Or not. Nevermind. Reply
  • tipoo - Monday, June 10, 2013 - link

    What? No it shouldn't. Thunderbolt 2 is 20Gb/s, mind the little b. PCI-E 3.0 is 15.75 GB/s, big B. Multiply the latter by 8 to compare. Reply
  • Guspaz - Monday, June 10, 2013 - link

    Depends how you define that. GPUs normally use 16x slots. A 16x PCIe 3.0 slot provides about 126 gigabits of bi-directional bandwidth, and a 16x PCIe 2.0 slot provides about 64 gigabits. Thunderbolt 2.0 provides only 20.

    That said, it's still a decent chunk of bandwidth, and there are lots of things you can do with a GPU that aren't as concerned with bandwidth.

    It's worth noting that Thunderbolt isn't limited to storage and monitors today. There are a variety of peripheral adapters available, some multi-connector docks, at least one company is working on a thunderbolt GPU box, etc.
    Reply
  • jecastejon - Monday, June 10, 2013 - link

    Ok maybe I am missing something here, but whats the point precisely with the GPU expansion over Thunderbolt if you can plug 2 FirePro GC internally (?) Just this is not the point as Apple already addressed the graphic bandwidth. Use TB for other expansion needs like storage, capture cards or other devices. Reply
  • Shinshin - Tuesday, June 11, 2013 - link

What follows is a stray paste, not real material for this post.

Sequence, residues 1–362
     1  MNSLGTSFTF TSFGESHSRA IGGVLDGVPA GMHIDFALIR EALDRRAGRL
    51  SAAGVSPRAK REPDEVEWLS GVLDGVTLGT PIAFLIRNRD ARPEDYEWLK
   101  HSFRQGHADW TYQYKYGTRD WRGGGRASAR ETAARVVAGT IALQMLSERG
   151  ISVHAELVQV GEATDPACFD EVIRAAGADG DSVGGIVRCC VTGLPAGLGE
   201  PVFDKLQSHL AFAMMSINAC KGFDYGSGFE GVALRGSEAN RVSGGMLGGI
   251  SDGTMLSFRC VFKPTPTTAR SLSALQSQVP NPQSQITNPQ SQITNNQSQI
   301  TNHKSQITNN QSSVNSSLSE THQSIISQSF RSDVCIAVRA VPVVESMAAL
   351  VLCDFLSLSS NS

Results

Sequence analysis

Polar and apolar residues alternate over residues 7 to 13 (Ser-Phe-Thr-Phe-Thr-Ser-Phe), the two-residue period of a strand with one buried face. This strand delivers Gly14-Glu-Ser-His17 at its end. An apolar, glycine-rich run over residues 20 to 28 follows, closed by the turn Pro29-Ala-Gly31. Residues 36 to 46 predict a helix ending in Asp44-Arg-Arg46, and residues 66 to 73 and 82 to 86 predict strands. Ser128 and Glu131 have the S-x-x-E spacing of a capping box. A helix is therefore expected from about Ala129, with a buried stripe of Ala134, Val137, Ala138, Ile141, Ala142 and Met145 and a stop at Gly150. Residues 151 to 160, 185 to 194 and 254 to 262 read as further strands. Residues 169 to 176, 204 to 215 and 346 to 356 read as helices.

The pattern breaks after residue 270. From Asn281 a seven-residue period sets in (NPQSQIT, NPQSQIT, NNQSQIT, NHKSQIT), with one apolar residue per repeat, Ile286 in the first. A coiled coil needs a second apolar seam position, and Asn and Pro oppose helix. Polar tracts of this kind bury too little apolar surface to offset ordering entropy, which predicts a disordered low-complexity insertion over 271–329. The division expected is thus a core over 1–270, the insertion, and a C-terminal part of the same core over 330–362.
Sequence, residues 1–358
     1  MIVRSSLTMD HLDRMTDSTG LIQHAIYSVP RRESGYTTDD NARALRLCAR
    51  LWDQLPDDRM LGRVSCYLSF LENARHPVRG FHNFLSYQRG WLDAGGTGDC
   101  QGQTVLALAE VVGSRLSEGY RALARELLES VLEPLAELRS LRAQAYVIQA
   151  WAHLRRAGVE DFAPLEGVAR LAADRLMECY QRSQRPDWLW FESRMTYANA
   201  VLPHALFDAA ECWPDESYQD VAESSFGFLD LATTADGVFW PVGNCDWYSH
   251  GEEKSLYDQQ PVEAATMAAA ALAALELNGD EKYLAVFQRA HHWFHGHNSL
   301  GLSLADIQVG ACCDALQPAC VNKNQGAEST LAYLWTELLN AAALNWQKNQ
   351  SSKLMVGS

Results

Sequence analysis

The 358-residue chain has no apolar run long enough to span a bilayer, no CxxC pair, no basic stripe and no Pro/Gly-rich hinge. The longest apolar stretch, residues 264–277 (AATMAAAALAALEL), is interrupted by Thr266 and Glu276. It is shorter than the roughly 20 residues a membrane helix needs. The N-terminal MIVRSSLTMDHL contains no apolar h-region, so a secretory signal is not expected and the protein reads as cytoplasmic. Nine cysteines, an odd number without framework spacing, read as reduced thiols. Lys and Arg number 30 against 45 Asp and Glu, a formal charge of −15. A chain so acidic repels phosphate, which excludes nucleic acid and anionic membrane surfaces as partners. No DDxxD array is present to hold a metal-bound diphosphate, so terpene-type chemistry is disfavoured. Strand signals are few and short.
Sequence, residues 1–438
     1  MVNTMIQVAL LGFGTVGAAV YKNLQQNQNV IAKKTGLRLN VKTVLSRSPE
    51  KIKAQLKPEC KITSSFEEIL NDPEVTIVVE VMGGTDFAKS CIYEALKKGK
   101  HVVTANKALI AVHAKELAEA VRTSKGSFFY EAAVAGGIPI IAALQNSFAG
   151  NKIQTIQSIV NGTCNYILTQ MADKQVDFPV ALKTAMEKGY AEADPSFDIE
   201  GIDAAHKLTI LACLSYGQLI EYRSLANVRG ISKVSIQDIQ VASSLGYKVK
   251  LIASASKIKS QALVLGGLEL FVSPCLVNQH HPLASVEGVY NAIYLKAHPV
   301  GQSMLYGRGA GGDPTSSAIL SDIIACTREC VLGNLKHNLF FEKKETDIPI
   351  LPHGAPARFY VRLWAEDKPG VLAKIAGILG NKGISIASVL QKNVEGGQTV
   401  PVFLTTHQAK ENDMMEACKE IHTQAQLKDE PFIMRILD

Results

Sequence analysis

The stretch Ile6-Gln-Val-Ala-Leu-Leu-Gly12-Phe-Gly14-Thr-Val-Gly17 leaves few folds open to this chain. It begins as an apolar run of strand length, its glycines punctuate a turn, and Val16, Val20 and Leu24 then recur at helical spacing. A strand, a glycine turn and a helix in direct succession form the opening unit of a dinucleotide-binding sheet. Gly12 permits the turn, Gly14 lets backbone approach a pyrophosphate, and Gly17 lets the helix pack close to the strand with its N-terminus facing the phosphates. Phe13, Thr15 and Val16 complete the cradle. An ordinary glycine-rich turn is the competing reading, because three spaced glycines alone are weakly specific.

Well, I just gave it as an example. I didn't know it existed already.
    I read only about storage and screens that are connected with TB.
    Thanks!
    Reply
  • jss88 - Tuesday, June 11, 2013 - link

    20 Gbit/s = 2,5 GB/s
    PCIe 3 x16 = 15+ GB/s

    Actually, this means you're stuck with Firepro and can't do CUDA.
    Reply
  • Death666Angel - Monday, June 10, 2013 - link

    That's already in existence, just either very expensive or very problematic. Thunderbolt is just PCIe after all. Reply
  • PubFiction - Wednesday, June 12, 2013 - link

    Well this seems stupid to me, the mac pro was the last and only mac that was somewhat upgradeable / expandable. Now they try to shove it in a smaller case and claim it takes up less space, except if you need any expansion now you got all sorts of thunderbolt cables and junk hooked up to it. RIP mac pro. Also the whole unified single heat sink is dumn, I guess the RDF has now conqured the last apple product. Reply
  • DanNeely - Monday, June 10, 2013 - link